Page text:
1. This is a reference made under Section 66 of the Indian Income-tax Act by the Income-tax Appellate Tribunal at the instance of the assessees. The question formulated for the opinion of the Court is as follows:
Whether the Tribunal was right in holding that the interest; credited to Mst. Jabbar's account since her death was not an allowable* deduction under the provisions of the Indian Income-tax Act.
2. The assessees were a firm, Hazarimal Hiralal. It is a registered partnership consisting of three partners carrying on an extensive business as importers of piece-goods. One of the partners, Bhudarmal died and as usual in Marwari partnership, he was succeeded by his son, Hulaschand, who, being a minor, was admitted to the benefits of partnership in place of his father. Later Hulaschand was married and in 1932 he had one daughter of the name of Kamala Bai, his wife's name being Mst. Jabbar. It was found that in the year 1935 Hulaschand's capital account with the firm stood at about rupees twenty lacs.
3. In the month of September, 1935, Hulaschand's wife, Mst. Jabbar who was expecting a child became seriously ill and on her recovery she apparently requested her husband to give her some money as a gift so that she could spend the money on charity and make provision for her child. On 18th September, 1935, Hulaschand withdrew a sum of Rs, 4,80,000 from the firm and made a gift of Rs. 4,80,000 in cash and Rs. 20,000 worth debentures to his wife. This gift was made in the presence of two employees named Chaganlal Kochar and Ratanlal kochar. The entries in the books of the firm show that the withdrawal was made from the funds of the firm for the purposes of this gift.
4. On 24th September, 1935, a sum of Rs. 4,50,000 was deposited with the firm of Hazarimal Hiralal in the name of the donee Mst. Jabbar and the remaining Rs. 30,000 out of the gift of Rs. 4,80,000 was deposited with the firm known as Mulchand Jeskaran. Apparently there is nothing on the record to show what happened to the debentures.
5. On the day on which the money was deposited with the firm in the name of Mst. Jabbar, namely, 24th September, 1935, the latter made a will which is typewritten in English and purports to be signed by Mst. Jabbar in the presence of two attesting witnesses. By the terms of the will Hulaschand, her husband, was appointed executor and she directed that her debts and funeral and testamentary expenses should be paid and that the balance should be dealt with as follows:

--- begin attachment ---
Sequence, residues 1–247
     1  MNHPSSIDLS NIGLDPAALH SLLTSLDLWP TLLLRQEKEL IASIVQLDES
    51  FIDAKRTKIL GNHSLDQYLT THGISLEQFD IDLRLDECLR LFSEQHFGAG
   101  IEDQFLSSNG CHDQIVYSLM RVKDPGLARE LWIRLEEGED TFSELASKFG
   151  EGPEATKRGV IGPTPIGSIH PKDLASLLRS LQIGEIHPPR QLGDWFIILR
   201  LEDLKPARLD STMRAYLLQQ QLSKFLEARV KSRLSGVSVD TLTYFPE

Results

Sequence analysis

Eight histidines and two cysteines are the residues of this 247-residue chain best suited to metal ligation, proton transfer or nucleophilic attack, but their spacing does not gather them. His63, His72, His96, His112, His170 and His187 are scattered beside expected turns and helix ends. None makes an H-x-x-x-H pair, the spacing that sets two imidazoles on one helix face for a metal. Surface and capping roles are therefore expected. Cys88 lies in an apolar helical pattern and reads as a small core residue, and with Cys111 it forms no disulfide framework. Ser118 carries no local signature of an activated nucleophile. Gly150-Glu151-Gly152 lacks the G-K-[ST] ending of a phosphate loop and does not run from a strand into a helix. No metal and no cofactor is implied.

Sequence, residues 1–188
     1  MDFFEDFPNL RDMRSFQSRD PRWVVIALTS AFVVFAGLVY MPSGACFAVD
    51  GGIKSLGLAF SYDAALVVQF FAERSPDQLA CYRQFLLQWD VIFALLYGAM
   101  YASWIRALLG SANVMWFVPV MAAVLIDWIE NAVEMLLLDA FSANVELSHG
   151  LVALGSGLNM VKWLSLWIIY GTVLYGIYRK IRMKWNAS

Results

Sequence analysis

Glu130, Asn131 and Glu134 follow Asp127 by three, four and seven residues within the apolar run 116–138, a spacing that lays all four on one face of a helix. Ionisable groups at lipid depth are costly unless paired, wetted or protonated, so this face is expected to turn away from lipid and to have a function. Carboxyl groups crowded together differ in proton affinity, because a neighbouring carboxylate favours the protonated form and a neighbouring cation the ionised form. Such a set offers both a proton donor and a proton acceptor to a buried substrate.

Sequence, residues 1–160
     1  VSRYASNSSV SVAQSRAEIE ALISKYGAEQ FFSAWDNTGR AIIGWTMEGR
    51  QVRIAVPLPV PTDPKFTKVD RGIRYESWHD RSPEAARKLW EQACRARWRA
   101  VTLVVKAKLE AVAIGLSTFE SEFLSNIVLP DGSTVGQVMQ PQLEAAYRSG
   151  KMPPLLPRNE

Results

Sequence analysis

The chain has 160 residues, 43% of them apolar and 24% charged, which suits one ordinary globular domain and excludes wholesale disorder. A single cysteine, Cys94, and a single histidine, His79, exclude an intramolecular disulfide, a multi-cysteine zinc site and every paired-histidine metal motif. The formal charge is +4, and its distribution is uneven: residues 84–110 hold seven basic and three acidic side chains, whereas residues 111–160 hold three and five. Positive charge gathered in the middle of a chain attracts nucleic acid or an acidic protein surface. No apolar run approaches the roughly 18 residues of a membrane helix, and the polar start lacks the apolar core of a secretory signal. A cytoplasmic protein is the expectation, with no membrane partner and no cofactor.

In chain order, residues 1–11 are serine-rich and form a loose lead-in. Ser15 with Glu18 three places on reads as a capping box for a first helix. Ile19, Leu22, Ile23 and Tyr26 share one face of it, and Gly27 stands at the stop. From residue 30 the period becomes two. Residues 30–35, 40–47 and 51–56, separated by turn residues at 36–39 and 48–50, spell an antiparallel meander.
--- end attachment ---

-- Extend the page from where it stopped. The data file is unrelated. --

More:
(i) A sum of Rs. 1,25,000 was given to her daughter, Kamala Bai, upon such terms as the executor should think fit.
(ii) A sum of Rs. 60,000 was to be utilised for such charitable objects in the testatrix's name or such charitable institutions as the 'executor should think fit.
(iii) The rest and residue of her estate was given to her son, if any, and in default of her son or sons, to her daughter. On 12th December, 1935, a son was born to Mst. Jabbar, but she died on 20th December, 1935, as a result of child-birth. Probate of the will has not been taken out, but in May, 1936, an entry was made in the ledger account of Mst. Jabbar showing that a sum of Rs. 1,25,000 was debited to that account and the said amount credited to an account styled as Kamala Trust Account. On 6th October, 1936, there was a declaration of trust by Hulaschand as executor of the will of his wife in respect of Rs. 1,25,000 in favour of Kamala Bai for her life and after her death for her heirs and legatees and in their absence certain charitable objects. The sum of Rs, 30,000 which was deposited in the name of Mst. Jabbar with the firm of Mulchand Jeskaran was withdrawn by Hulaschand on 3rd August, 1936, and this amount together with the proceeds of the debentures worth Rs. 20,000 was credited in the books of the firm Hazarimal Hiralal in a separate account. The total amount came to Rs. 60,000 which was to be held in trust for charities. The deed for this charitable trust was registered in Bikaner State on 13th March, 1943. The remainder of the deposit with the applicant made by Mst. Jabbar continued to remain in her name, though the account was styled Mst. Jabbar Trust Account.
6. The firm claimed that interest payable on the money due from the firm to the Trust of Mst. Jabbar had to be allowed in arriving at the profits of this business for the purposes of income-tax.
7. The authorities however contended that no gift was made to Mst. Jabbar and that it was either a fictitious or a colourable transaction. In any event it was contended that it was only a gift for her life at most and that after her death her husband became entitled to the property.
8. The Appellate Tribunal came to the conclusion that a gift was actually made. The Tribunal was satisfied that Mst. Jabbar who was ill and afraid of what might happen in her confinement, was anxious to make some provision for her child. It appears that Mst. Jabbar's mother had died in her second confinement. The Tribunal appears to have been of opinion that Mst. Jabbar was naturally anxious to make some provision for her children as she feared that her husband might remarry after her death. The Tribunal thought that this was a very natural fear on the part of Mst. Jabbar and that as her husband was a good and kindly man and wanted to please his wife he gave her the money she wanted as he, in the words of the Tribunal, 'was pretty sure that she would not waste it or alienate it against his wishes.' The Tribunal then added:
We quite understand that she would be anxious to get the money in cash and would not be satisfied by just book entries and since Hulaschand was willing to accede to her wishes, it did not matter to him whether there were book entries or the money was paid in cash. Therefore we believe that the money was brought and given to Mst. Jabbar.